RALEIGH, NC – July 21, 2014 – Ducks Unlimited is proud to announce that through collaborative efforts with state and federal agencies, other non-profit organizations and private landowners more than 106,000 acres of vital wetland habitat has been conserved throughout North Carolina.
“North Carolina is an important part of the Atlantic Flyway,” said DU Director of Conservation Programs Craig LeSchack. “In addition to providing important winter habitat for waterfowl produced in the prairies, Great Lakes and eastern Canada, this state winters upwards of 80 percent of the continental tundra swan population.”
North Carolina’s bays, sounds and associated coastal wetlands provide important habitat for hundreds of thousands of Atlantic brant, several species of diving ducks, black ducks and other puddle ducks. Since 1985, DU has worked with partners to conserve important waterfowl habitat across the state. Through more than 130 projects, DU and partners have protected more than 19,000 acres through conservation easements or public acquisition, and restored or enhanced more than 87,000 acres of wetland habitat.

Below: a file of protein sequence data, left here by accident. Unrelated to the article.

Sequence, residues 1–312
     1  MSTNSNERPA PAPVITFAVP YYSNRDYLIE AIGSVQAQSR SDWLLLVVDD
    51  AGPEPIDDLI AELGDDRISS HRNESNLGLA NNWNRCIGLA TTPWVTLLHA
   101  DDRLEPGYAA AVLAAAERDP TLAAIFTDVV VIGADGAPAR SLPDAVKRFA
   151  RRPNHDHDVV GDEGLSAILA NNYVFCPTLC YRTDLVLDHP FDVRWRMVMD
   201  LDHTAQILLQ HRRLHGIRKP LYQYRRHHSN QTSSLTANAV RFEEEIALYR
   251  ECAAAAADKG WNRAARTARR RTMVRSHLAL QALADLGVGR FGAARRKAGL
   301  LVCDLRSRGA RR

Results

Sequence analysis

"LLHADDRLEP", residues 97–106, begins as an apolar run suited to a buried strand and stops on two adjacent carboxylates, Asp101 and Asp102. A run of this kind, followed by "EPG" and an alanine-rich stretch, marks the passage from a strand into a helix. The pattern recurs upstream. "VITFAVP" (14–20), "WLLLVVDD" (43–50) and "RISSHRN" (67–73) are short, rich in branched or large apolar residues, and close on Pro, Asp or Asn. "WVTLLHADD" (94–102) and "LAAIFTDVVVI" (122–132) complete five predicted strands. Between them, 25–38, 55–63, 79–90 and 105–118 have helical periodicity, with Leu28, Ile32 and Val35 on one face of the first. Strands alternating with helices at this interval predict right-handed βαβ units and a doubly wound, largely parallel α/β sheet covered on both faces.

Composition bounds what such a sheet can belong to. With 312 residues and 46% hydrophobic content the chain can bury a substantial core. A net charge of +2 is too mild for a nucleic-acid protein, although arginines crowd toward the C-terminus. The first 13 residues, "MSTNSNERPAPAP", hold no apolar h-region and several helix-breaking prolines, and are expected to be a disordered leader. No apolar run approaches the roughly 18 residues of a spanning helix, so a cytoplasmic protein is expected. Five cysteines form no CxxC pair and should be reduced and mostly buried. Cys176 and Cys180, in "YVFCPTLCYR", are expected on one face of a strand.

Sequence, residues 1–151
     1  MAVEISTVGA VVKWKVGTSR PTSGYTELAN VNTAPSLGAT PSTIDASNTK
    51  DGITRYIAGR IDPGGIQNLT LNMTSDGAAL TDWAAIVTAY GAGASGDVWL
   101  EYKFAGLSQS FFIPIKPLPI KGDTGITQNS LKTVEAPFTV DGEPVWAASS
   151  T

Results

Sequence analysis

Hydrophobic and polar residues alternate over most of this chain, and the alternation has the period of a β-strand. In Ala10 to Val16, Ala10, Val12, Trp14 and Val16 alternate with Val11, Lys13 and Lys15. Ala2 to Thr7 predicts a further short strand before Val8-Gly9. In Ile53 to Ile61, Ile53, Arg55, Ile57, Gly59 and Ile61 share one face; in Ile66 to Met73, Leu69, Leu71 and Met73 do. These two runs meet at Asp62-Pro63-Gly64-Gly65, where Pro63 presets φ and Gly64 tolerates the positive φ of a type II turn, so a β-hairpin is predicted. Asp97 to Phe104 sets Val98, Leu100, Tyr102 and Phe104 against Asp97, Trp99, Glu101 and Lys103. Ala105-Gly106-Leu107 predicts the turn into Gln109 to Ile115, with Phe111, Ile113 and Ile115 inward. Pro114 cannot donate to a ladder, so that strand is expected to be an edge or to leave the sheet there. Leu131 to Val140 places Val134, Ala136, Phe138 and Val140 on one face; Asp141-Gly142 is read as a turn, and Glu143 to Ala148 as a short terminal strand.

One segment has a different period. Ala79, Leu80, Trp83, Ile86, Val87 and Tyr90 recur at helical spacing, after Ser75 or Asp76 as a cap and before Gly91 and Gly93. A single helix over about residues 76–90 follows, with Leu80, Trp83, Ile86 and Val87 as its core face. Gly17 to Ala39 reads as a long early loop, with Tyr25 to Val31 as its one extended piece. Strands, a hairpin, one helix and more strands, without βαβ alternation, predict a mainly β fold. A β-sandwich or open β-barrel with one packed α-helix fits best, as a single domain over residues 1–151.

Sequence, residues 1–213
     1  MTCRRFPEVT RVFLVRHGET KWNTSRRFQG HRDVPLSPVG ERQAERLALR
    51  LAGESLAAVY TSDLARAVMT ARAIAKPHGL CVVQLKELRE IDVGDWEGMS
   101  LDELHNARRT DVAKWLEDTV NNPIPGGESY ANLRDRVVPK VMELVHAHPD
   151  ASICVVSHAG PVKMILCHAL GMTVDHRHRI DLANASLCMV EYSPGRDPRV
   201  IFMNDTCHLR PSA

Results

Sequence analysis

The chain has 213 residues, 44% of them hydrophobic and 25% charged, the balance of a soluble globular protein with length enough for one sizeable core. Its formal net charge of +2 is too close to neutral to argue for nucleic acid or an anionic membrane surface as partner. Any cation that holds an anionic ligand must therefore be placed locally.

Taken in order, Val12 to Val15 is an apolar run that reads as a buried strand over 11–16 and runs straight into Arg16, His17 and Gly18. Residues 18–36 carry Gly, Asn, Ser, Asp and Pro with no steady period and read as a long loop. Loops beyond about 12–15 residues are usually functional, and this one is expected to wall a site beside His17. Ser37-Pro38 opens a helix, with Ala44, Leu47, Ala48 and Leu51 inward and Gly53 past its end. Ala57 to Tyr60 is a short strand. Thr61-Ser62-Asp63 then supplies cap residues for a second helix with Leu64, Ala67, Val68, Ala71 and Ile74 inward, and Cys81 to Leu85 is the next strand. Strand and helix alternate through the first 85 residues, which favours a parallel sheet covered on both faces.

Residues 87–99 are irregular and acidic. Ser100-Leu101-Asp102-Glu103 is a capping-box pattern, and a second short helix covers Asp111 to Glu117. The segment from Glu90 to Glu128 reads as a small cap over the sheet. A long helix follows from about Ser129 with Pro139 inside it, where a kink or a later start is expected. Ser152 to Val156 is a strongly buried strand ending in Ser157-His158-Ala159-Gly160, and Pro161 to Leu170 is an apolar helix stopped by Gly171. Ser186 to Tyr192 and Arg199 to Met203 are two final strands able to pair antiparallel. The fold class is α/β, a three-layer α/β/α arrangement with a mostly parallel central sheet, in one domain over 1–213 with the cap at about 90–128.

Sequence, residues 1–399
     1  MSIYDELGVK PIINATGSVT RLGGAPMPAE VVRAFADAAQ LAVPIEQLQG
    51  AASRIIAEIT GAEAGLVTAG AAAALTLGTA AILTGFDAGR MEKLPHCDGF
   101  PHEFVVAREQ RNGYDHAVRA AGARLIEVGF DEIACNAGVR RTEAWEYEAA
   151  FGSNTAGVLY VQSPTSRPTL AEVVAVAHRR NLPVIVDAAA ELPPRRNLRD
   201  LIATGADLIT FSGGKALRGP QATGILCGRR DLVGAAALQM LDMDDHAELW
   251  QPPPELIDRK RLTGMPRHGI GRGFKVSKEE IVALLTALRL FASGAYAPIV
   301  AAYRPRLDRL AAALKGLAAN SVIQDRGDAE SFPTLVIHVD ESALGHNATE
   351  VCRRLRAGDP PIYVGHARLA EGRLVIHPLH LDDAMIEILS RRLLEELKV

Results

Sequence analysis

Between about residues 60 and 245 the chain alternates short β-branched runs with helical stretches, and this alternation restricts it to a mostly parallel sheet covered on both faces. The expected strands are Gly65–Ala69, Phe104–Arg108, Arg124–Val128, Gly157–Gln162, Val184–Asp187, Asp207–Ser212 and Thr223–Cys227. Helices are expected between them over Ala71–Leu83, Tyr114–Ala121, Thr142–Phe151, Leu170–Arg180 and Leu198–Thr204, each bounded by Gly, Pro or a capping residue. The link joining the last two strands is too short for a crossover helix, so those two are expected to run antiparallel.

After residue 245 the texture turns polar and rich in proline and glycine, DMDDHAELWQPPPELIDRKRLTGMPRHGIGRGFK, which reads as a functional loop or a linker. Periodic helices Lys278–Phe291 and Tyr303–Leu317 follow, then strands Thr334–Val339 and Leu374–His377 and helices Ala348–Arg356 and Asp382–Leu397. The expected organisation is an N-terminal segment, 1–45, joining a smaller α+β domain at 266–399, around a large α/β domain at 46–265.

“DU projects on public lands like the Futch, Goose Creek, Roanoke River Wetlands, North River, and Holly Shelter game lands and Mattamuskeet National Wildlife Refuge also enhance public hunting opportunities,” LeSchack said. “DU focuses on habitat conservation to provide waterfowl the resources they need across the continent, but providing hunters with improved and increased opportunities to hunt is also vitally important to us.”
Hunters and anglers are largely responsible for funding conservation through licenses and special taxes on hunting equipment. In 2011, more than 1.6 million sportsmen and women spent $2.3 billion on hunting and fishing in North Carolina. They supported 10,000 more jobs than the two largest employers in the state, Merrill Lynch & Co. Inc. and Nortel Networks Corp, combined.
“Wetlands conservation provides critical habitat for hundreds of wildlife species and recreational opportunities for millions of people,” LeSchack said. “The conservation work DU does with our partners and supporters also provides important natural benefits like clean water, flood water absorption and storm surge protection.”
cover photo – Chad Horwedel